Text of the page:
The Outbreak of the February 1848 revolts in France it was the trigger for the third liberal revolutionary wave that swept across Europe. It was a movement of such magnitude that it even reached Austria, the great defender of absolutism in Europe. Before seeing how and in what way it was produced, we must understand the context in which the Central European country was.
The Austrian Empire was made up of a group of diverse peoples, grouped into various political entities. The one in charge of maintaining the balance between all of them was the Chancellor Metternich. His main task was to prevent any of the peoples from having nationalist aspirations, since if these feelings were aroused among the population, the essence of the empire would end. The administration of the entire territory was in the hands of the Austrians, with the exception of Hungary, which had a particular status due to its historical tradition.
In 1830, there were already some threats, but it was not until 1848 that they reappeared. The Magyars, the Slavs and the Romanians were becoming more and more aware of their individuality and wanted it to be recognized by the emperor and the chancellor. Always receiving letters and a harsh repression in response, they opted for the alternative plan: unite and form a powerful bloc.
That is how On March 13, 1848, the 1848 Revolution began in Vienna. The city was filled with barricades and dead when students, bourgeoisie and workers demanded a constitution for Austria and the resignation of Chancellor Metternich. The president was unable to control the situation, so he fled in disguise while the Baron Pillersdorf, a moderate liberal aristocrat, formed a provisional government.
In May, a Constituent Assembly was convened that would have to draft a constitution, but not everything went as expected, as there was a firm reaction from the imperial government. After the death of the Minister of War, Emperor Ferdinand I ordered the bombing of Vienna, which ended up surrendering in October 1848. The result was the dissolution of the Assembly and the repeal of the constitution. Furthermore, the Austrian emperor abdicated in favor of his nephew, Francisco José I.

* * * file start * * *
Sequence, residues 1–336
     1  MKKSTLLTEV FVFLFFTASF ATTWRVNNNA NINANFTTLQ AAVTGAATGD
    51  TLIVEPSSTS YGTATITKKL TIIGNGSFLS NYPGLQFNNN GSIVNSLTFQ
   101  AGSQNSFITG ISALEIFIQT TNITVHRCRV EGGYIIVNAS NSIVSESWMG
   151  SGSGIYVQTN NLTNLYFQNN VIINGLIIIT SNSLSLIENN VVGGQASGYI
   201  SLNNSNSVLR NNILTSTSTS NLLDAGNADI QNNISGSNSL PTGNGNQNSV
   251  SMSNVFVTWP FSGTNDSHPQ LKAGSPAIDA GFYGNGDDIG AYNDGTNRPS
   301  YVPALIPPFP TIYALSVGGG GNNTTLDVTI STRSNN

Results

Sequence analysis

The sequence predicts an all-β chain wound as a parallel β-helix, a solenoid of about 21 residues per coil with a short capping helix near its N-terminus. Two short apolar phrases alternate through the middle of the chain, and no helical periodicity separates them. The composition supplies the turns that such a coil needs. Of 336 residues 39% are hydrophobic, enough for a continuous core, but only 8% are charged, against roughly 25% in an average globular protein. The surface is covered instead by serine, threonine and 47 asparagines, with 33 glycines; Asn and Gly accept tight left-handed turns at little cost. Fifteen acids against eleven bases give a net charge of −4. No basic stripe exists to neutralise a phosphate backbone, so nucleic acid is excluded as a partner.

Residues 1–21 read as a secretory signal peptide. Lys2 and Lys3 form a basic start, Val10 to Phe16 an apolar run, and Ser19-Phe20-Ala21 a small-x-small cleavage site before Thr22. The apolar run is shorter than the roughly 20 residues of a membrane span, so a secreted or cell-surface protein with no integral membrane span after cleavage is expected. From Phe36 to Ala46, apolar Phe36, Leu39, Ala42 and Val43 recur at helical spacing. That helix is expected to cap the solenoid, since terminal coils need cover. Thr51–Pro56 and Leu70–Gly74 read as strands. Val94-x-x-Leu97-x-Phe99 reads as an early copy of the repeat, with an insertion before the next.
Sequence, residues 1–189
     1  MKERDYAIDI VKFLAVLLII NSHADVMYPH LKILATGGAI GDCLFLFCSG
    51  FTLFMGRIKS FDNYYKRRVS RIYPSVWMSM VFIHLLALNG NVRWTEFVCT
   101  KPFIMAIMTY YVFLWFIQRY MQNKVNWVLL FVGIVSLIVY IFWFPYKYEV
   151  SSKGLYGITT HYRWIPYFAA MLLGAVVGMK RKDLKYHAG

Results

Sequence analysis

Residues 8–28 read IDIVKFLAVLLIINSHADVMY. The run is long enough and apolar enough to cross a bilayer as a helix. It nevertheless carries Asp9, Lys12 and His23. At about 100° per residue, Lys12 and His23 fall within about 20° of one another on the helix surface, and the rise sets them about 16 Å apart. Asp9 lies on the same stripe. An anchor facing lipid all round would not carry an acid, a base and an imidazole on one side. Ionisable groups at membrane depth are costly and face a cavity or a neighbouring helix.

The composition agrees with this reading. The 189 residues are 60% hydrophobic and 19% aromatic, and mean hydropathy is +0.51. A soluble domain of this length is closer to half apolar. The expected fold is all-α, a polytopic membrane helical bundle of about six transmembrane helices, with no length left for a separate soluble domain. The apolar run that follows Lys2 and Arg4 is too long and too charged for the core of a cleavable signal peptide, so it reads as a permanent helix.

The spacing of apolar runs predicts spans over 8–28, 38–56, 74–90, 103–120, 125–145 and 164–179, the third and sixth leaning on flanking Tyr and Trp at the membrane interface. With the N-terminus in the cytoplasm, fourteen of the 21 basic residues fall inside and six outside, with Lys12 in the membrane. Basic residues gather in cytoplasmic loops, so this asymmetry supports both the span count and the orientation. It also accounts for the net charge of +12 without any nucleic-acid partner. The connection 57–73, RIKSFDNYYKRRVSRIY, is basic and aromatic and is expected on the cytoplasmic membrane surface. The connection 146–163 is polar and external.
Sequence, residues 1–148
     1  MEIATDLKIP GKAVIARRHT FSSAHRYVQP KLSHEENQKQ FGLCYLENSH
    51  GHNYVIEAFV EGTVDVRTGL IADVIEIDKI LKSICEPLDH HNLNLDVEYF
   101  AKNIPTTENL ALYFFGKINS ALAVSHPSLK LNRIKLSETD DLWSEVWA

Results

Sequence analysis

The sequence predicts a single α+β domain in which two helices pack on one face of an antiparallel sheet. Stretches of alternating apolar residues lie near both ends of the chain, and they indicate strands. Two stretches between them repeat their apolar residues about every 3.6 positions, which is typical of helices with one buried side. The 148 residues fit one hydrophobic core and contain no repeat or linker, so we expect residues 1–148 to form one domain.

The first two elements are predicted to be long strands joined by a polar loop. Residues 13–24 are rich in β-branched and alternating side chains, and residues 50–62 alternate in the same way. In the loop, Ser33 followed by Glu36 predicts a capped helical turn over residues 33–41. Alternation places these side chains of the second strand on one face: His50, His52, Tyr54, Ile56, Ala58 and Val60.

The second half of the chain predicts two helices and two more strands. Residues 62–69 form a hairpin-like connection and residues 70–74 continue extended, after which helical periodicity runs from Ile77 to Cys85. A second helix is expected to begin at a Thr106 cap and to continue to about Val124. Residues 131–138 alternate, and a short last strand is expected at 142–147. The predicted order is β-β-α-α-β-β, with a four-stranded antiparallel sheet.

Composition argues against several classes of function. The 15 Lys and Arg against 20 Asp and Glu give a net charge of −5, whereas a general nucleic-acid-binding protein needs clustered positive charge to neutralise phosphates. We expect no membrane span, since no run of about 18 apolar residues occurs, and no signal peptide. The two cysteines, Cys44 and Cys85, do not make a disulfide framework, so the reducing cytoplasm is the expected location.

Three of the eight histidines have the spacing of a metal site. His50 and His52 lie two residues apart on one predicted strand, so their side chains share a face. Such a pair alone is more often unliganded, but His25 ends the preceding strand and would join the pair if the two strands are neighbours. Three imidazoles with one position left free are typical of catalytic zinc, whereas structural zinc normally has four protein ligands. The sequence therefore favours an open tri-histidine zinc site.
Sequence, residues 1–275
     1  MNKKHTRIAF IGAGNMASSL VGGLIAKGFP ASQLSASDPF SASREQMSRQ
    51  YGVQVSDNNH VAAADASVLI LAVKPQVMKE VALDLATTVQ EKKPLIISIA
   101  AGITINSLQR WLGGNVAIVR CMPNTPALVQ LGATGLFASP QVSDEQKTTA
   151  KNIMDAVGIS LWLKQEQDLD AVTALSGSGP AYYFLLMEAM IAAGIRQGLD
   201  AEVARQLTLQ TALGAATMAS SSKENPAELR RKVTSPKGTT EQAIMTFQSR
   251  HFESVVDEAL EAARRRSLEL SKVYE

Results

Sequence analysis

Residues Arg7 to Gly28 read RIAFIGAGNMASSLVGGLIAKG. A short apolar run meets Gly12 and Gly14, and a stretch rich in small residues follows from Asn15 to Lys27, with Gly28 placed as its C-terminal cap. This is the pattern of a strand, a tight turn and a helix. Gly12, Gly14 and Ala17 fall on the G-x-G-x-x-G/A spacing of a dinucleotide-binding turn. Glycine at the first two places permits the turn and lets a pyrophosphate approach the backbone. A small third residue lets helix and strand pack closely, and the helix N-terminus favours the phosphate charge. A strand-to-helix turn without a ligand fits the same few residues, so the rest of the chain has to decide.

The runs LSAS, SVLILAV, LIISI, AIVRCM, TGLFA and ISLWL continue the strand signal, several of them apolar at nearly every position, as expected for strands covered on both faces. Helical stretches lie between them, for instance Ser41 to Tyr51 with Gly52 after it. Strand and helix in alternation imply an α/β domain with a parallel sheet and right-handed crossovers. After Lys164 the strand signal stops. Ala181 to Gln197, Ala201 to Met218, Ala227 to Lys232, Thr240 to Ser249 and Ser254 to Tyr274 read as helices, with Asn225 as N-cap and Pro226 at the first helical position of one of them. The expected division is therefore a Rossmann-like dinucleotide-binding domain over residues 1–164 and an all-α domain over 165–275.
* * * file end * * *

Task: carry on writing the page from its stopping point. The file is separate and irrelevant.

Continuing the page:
But as we have already mentioned, the Empire was very diverse, so the fire of the revolution reached other places, such as Bohemia. The Czechs wanted to constitute a completely independent Bohemia with the Slavs from the north and south. They demanded the promulgation of a “Bohemian Letter”In which the creation of an Imperial Diet or a parliament is guaranteed and in which political freedoms are respected. On June 12, 1848, the top Slavic leaders met in Prague, forming a Pan-Slavic congress. They discussed the present and the future of the Slavs and especially highlighted the figure of the Czech nationalist Frantisek Palacky. The problem is that the aspirations were short-lived due to the great repression carried out by the Austrian crown against the territory of Bohemia.
Another of the territories that was raised was Hungary. On March 3, 1848, they claimed full autonomy and began a movement much stronger than the previous ones. They managed to get a special status on April 11, as well as an Imperial Diet and a government of their own.
At the forefront of Hungarian nationalism was Kossuth, founder of the Democratic Party, who was a supporter of independence and who presented a motion on April 14 to dethrone the Habsburgs. However, like the rest of the riots, this one had an unfortunate end. Emperor Franz Joseph I, with the help of Tsar Nicholas I, assembled an army that reduced all Hungarian demands and aspirations to ashes.
It was the end of the first revolutionary wave suffered by the Austrian Empire and that revealed the weakness of the Restoration. The beginning of the end had come for Europe.
Passionate about History, he has a degree in Journalism and Audiovisual Communication. Since he was a child he loved history and ended up exploring the 18th, 19th and 20th centuries above all.